James Island residents ask for federal help after concerns over James Island Creek

Updated: Jan. 22, 2020 at 5:21 PM EST
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JAMES ISLAND, S.C. (WCSC) - James Island residents living near the James Island Creek say water and sewage seep into their yards during heavy rain events. They are now calling on state and federal legislators for help.

Neighbors living on Laurel Park, Marlborough and surrounding areas say they have experienced this issue for years. Franny Henty, a long-time James Island resident, says that during high tides the creek is riddled with sewage and the homes in those neighborhoods receive all the septic water that runs back.

"I started speaking more and educating myself more about what can the local government and the state government do to help us so we're not in cesspools," Henty said. It's not good enough for us or our children, or our grandchildren."

In the past, tests conducted for the waterway showed high levels of bacteria, according to the Charleston Waterkeeper. Some of that comes from fecal matter.

The James Island Creek has experienced at least two sewage leaks within the last few months of 2019.

The most recent water samplings still show issues with the water quality in the creek. Approximately 64% of all samples that Charleston Waterkeeper collect show the creek does not meet the state’s safe standards for swimming.

That's why neighbors are reaching out to First District Rep. Joe Cunningham's office for help. Henty says she hopes lawmakers will be to help them stop sewage tie-ins in the area, until all the problems with the creek are dealt with.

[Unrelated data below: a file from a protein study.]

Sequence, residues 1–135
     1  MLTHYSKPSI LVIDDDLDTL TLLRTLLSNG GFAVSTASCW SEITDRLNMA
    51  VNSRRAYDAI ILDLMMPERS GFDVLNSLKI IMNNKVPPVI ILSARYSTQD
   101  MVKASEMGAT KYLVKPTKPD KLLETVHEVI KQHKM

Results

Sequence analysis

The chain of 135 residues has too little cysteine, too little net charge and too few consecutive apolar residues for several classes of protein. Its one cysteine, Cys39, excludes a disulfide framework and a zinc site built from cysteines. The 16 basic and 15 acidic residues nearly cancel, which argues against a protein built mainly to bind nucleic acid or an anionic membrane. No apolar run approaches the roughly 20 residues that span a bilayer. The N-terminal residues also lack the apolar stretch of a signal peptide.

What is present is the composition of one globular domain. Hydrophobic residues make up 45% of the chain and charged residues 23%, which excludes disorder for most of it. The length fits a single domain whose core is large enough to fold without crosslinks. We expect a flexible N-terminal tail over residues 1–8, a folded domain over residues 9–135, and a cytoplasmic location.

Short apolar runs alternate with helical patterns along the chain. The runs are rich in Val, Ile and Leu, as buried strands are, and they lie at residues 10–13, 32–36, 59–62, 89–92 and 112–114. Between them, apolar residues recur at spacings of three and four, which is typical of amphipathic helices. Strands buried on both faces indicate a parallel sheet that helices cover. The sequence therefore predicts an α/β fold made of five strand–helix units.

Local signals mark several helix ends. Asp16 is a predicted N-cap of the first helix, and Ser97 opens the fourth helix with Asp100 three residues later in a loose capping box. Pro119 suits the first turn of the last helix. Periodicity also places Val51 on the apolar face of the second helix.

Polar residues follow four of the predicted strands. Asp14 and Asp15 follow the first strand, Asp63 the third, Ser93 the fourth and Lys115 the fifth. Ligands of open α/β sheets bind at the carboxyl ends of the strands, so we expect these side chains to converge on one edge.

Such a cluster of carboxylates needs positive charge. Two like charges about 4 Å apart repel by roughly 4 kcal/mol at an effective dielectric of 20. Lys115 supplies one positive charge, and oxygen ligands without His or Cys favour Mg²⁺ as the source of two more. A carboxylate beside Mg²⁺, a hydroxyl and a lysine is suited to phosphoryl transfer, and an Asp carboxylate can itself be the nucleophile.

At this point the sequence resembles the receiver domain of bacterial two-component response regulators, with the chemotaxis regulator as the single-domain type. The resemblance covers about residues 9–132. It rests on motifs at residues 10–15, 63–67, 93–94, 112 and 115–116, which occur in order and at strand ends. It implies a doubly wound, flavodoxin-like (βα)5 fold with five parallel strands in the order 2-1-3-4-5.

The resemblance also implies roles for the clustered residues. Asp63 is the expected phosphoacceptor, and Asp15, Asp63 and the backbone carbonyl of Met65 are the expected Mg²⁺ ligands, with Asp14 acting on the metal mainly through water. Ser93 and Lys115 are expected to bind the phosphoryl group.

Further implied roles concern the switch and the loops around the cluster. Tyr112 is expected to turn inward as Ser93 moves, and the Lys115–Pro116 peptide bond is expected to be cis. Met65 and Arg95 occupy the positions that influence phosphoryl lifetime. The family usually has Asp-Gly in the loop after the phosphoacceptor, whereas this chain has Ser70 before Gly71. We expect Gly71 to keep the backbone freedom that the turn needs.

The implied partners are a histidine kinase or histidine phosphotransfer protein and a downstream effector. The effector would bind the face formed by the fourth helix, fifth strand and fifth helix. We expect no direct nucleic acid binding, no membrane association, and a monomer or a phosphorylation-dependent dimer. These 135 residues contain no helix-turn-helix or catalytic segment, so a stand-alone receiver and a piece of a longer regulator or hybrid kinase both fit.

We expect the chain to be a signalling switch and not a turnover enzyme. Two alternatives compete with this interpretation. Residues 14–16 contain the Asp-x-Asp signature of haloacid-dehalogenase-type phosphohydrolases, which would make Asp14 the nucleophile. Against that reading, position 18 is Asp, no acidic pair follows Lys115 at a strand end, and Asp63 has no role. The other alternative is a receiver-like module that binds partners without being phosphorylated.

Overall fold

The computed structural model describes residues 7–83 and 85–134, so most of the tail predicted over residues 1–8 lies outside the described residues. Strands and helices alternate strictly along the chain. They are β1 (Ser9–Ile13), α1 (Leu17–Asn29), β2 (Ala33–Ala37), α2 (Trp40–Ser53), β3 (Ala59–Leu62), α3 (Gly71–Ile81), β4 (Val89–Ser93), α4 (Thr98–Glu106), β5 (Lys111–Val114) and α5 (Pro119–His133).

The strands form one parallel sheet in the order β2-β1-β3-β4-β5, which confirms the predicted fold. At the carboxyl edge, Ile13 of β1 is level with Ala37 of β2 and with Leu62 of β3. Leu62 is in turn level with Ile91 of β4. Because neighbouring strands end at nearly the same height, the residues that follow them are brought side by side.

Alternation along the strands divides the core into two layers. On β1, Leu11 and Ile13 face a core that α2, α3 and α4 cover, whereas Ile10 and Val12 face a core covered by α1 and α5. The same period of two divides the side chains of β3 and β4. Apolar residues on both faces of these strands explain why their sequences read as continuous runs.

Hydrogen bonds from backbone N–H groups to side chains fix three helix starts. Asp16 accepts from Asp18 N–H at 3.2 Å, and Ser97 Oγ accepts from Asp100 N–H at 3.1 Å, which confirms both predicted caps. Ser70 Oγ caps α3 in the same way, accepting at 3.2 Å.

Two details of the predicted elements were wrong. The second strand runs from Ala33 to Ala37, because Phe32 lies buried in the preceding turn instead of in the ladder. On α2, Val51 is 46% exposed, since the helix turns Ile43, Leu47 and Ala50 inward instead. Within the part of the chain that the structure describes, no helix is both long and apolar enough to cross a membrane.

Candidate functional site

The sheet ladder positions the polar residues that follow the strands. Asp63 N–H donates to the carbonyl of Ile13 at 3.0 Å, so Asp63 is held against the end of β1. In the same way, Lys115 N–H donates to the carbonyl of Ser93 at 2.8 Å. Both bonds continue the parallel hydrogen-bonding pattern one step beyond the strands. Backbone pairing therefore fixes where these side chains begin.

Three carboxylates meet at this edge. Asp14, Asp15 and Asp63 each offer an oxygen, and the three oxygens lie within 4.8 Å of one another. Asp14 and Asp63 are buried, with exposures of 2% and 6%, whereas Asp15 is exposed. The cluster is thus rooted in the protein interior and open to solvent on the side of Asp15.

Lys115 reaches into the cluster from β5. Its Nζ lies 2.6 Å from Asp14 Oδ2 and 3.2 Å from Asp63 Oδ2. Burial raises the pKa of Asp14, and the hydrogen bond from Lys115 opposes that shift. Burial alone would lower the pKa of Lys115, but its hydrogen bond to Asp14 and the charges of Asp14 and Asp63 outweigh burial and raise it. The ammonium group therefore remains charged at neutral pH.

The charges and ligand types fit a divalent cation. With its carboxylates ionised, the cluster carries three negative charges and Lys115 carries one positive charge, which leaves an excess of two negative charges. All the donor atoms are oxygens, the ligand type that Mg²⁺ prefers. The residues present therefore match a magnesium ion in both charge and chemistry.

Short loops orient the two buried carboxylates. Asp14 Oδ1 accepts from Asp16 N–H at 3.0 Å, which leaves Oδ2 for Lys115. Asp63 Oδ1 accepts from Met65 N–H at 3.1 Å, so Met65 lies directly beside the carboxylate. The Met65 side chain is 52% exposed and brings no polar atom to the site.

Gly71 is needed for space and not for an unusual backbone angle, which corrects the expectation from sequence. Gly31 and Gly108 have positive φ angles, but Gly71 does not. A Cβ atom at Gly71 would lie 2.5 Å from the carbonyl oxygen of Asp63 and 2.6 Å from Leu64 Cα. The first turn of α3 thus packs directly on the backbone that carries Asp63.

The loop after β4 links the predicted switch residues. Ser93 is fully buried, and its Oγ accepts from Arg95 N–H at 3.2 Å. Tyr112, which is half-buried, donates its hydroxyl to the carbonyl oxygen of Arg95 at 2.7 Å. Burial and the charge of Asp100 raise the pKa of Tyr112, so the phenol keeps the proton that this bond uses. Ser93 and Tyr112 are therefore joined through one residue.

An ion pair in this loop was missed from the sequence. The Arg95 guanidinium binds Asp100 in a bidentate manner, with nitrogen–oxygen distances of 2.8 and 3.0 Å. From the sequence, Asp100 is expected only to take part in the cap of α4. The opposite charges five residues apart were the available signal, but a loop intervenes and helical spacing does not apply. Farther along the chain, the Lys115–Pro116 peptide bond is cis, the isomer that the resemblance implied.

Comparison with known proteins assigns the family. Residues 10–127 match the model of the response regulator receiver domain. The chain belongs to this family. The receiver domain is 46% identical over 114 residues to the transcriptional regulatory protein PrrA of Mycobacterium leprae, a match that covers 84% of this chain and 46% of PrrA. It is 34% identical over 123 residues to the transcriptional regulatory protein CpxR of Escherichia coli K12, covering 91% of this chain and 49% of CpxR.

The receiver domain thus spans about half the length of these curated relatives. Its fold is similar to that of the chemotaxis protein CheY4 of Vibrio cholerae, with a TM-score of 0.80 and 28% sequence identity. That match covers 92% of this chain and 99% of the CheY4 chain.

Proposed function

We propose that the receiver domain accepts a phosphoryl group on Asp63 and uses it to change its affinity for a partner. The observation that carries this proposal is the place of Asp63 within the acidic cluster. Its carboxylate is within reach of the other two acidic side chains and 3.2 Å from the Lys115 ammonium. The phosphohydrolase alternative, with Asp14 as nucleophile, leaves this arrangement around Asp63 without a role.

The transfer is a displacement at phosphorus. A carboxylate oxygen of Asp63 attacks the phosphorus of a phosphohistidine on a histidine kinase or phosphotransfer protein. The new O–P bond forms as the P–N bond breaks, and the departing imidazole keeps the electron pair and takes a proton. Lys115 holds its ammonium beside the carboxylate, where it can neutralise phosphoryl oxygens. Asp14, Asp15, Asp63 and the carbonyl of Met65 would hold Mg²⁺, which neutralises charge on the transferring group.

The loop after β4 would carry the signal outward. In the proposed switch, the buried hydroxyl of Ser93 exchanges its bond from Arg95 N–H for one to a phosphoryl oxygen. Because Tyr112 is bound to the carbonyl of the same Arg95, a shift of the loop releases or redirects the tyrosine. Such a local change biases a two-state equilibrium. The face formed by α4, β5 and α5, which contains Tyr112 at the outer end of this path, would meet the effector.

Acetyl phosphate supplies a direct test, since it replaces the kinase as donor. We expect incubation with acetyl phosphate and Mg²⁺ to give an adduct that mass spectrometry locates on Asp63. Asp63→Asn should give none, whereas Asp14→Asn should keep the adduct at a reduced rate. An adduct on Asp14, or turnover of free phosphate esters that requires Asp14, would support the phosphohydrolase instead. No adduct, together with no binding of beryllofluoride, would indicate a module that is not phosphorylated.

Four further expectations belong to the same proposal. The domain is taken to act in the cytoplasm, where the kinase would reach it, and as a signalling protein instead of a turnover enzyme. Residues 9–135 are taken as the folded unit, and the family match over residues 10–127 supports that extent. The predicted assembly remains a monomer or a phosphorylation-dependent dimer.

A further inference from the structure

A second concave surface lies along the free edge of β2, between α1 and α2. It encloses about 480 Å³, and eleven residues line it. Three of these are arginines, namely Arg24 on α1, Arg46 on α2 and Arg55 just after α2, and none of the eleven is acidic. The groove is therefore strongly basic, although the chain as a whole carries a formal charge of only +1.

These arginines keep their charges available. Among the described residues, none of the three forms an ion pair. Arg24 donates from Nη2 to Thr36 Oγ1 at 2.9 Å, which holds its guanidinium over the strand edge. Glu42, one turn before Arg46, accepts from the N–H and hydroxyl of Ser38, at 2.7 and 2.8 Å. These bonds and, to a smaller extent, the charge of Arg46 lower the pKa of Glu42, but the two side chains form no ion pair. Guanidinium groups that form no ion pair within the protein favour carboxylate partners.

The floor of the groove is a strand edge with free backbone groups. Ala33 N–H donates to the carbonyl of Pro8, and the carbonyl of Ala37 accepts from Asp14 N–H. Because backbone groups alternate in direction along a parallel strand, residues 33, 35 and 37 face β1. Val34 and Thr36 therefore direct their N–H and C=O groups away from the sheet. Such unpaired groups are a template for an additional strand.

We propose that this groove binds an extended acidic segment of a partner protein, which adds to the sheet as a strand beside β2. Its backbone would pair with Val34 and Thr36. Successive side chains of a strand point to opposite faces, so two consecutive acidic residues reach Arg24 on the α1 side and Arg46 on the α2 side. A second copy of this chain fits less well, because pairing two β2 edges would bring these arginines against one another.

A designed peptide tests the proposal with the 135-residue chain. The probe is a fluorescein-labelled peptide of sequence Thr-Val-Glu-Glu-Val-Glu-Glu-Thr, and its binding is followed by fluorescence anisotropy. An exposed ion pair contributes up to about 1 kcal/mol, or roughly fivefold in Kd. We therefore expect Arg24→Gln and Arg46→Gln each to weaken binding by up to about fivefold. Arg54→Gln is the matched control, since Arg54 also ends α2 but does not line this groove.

“The federal government is going to give some of their knowledge and their advice, but [this issue] is more for the public service district,” JIPSD Commissioner Meredith Poston said. “This is an issue that we definitely know is going to be going on a long time.”

Poston says a lot of these issues neighborhoods are having is partially due to the location and over-development.

“When it rains it comes right up, and we have the over development where too many homes are making it so that there’s too much impact on the systems, on the drainage, and just on Plum Island,” Poston said. “There are millions of dollars that we are going to put into this in replacing piping and really trying to fix more barriers.”

During the James Island intergovernmental council meeting on Jan.29, Poston said she will be giving a presentation on this topic. The public is welcome to attend.

Henty and other neighbors will be meeting with a representative from Cunningham’s team during his satellite hours on Friday. It will happen from 11 a.m. to noon at the Baxter Patrick Library.

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